Common Mistakes in Worker Classification – Employee vs. Contractor

In our article Contractors vs. Employee – What is the Correct Classification we discussed factors that are considered when making a classification. This article provides examples of the most common mistakes employers make regarding worker misclassification:

Common Mistakes

  • The employer has the individual complete a W-9 and automatically assumes the individual is a contractor without considering the factors of an employee-employer relationship. This generally occurs with small businesses, start-up companies, or with employers with high employee turnover.
  • The business owner hires a friend/relative or hires a friend/relative of an employee but the individual is not placed on payroll.  Instead, the individual is classified as an outside contractor, vendor, or the like.  The intention of the business owner may be to help the individual financially.  However, when the relationship ends, either because the project was finished or the number of jobs decreased, the friend or relative tends to file for unemployment benefits if he or she cannot acquire future employment anywhere.
  • An individual receives a W-2 and 1099 from the employing unit.  An individual cannot be both an employee and independent contractor. This mistake usually occurs when the employer does not consider new hires to be employees until after a probationary period. However, all remunerations, including those earned during probation, are to be reported as W-2 wages.

To illustrate, an employee performs administrative services during business hours but also performs janitorial work during nights or weekends.  The employee receives a payroll check for the administrative services but receives a handwritten check for the janitorial services. This is a problem because any and all payments to an employee, including payments for moonlight services, should be reported as wages to the appropriate government agency.

  • The employing unit has the employee sign a written agreement.  A written agreement in itself does not determine the employment relationship.  An employer may request an individual to read and sign a document stating that the individual is an independent contractor and not an employee of the company.  However, government agencies will look at the actual working relationship of the parties to determine if the relationship is that of an employer-employee or independent contractor based on the preponderance of the evidence and not simply on the intent of the parties to create an independent contractor relationship.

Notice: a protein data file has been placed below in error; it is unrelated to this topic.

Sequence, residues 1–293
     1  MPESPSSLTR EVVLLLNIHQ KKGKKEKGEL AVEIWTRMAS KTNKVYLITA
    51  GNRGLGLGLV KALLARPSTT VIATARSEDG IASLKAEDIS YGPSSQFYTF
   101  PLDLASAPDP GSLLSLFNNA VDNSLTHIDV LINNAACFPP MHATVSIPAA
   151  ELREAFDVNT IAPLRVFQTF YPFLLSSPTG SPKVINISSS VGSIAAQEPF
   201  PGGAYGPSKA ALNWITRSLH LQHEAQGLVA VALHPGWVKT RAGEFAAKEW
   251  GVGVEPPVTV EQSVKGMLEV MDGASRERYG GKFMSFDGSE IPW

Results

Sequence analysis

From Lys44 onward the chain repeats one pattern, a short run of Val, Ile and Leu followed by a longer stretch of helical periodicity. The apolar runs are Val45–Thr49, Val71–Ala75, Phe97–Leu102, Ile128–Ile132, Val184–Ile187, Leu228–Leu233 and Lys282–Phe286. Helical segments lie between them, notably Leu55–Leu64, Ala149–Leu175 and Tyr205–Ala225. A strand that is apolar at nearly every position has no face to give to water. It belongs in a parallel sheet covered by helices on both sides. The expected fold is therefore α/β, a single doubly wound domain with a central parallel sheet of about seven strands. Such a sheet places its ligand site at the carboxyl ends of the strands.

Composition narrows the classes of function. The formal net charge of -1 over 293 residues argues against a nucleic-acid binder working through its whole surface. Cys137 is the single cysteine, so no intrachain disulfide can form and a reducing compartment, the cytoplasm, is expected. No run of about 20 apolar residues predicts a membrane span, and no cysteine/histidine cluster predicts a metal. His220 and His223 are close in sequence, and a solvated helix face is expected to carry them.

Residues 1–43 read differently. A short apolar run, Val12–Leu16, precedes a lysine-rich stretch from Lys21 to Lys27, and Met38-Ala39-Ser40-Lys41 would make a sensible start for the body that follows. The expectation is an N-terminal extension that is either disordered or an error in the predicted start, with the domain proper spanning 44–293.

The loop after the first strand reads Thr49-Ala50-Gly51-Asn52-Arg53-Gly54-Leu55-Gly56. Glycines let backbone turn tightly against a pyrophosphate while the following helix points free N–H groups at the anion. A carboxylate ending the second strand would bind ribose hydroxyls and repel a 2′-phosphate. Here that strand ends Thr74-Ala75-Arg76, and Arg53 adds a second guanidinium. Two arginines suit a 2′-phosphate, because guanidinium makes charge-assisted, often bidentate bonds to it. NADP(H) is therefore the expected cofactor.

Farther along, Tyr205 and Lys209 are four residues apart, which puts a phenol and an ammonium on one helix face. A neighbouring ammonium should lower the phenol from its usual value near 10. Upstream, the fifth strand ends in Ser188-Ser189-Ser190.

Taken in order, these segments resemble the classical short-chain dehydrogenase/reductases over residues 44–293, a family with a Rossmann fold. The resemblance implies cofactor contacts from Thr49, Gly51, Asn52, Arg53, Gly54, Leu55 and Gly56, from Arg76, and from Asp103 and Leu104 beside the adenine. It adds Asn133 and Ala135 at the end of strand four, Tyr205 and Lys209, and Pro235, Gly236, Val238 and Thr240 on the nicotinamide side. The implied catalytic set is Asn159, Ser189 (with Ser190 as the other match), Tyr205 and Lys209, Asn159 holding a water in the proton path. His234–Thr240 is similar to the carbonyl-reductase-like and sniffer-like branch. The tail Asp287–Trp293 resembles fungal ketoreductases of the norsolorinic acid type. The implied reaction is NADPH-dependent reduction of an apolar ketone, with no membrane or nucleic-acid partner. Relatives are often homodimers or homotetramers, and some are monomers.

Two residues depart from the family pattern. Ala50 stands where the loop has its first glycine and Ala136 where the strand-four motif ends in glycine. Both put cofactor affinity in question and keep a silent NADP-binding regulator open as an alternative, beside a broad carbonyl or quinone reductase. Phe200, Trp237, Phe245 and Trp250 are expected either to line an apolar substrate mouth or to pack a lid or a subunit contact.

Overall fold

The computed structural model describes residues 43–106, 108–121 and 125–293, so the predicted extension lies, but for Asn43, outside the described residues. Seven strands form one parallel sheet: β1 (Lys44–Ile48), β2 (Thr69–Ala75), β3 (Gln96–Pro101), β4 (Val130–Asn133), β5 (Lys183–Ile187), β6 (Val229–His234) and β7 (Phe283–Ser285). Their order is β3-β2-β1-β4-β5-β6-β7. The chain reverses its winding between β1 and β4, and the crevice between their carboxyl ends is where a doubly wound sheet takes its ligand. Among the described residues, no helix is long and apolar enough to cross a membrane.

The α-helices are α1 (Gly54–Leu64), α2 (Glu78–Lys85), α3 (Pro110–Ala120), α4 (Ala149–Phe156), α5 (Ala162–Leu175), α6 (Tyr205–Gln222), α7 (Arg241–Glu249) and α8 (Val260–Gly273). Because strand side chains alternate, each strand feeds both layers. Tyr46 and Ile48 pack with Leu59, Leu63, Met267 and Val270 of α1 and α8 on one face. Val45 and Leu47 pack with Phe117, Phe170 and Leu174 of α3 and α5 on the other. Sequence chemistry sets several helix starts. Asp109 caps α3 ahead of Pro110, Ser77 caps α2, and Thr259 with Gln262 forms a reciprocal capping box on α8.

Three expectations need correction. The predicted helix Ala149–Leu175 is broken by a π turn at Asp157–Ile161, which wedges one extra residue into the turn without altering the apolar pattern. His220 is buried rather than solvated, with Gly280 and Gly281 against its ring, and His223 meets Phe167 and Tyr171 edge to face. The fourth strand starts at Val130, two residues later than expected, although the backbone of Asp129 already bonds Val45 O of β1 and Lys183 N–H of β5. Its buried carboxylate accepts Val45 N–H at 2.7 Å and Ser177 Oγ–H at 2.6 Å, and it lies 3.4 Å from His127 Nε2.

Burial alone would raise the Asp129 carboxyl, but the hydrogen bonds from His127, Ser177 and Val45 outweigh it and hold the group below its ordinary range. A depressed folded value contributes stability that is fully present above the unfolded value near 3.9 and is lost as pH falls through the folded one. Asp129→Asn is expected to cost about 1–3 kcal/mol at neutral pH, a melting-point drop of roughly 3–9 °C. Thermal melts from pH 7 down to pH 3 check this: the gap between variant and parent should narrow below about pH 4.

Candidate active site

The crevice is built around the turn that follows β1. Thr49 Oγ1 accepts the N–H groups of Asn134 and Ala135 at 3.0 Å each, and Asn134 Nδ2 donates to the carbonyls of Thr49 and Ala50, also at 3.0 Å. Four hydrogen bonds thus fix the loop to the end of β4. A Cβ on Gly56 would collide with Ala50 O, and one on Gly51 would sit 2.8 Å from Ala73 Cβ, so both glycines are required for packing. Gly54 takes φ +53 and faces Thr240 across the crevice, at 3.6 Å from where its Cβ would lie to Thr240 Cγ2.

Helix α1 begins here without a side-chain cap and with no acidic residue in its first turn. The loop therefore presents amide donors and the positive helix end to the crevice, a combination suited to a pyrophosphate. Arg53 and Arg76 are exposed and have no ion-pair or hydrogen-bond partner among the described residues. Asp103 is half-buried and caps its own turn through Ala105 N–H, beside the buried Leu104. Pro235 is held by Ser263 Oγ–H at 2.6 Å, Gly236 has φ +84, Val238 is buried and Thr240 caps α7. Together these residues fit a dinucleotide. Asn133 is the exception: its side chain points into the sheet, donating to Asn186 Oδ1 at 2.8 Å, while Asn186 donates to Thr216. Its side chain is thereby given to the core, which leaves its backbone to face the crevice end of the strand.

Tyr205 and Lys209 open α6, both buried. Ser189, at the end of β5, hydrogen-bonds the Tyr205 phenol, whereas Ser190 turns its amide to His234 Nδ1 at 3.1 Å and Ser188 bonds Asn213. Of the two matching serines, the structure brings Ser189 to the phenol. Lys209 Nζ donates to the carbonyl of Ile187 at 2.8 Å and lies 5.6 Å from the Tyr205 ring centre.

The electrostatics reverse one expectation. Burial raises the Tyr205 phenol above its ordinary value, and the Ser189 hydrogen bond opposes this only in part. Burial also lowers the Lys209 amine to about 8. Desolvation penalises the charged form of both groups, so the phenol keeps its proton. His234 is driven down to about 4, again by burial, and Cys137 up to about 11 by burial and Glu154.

Written agreements may even contain behavioral and financials controls which can lead to an adverse result for the employing unit when a copy of the agreement is provided and reviewed by a government representative.

Procedures to Protect Your Business

As a business owner, you can and should implement procedures to protect your business from tax assessments, penalties, and interest due to worker misclassification. Below are some simple but effective procedures to implement:

  • Only utilize contractors who have an established and registered business and submit invoices for services, such as a corporation, partnership, LLC, etc. Also confirm the business entity of individuals operating as sole proprietors because sole proprietors can be the most problematic when it comes to unemployment benefits. The Arizona Corporation Commission and the Arizona Registrar of Contractors are great resources when verifying business entities.
  • If the sole proprietor, or any other business entity, has a business card, flyer, or other form of advertisement; then please keep a copy in your files for future reference, including printouts of online and or social media advertising such as Facebook, LinkedIn, Google, Yellow Pages, etc.
  • If your company experiences high worker turnover, then utilize the services of a staffing agency to provide the labor and pay the staffing agency directly for the service as opposed to paying the individual(s) rendering the labor service.  The employing unit who remits payment to an individual for services is liable for tax and insurance withholdings; thus, considered to be the employer.   

It may be tempting to classify an individual as an independent contractor to reduce or avoid paying the related payroll tax expense but the penalties and fines from misclassification may far exceed the payroll tax liability. If you currently utilize independent contractors, it is imperative that the independent contract relationship is revisited before it is too late. It only takes one unemployment benefit claim for a government agency to start to question the relationship and the request for both financial and non-financial information begins, including the possibility of a three year audit.

Fredy Hernandez is an experienced field auditor formally with the State of Arizona – DES Unemployment Insurance Tax and now works as a financial and tax accountant at Morrison, Clark & Company CPAs, Chandler, Arizona.  For more information, call (480) 424-7855 or visit morrisonclarkcompany.com.

This work is also published as Hernandez, F., Employee vs. Contractor: What is the correct worker classification? Construction Accounting and Taxation 28, no. 5 (2018).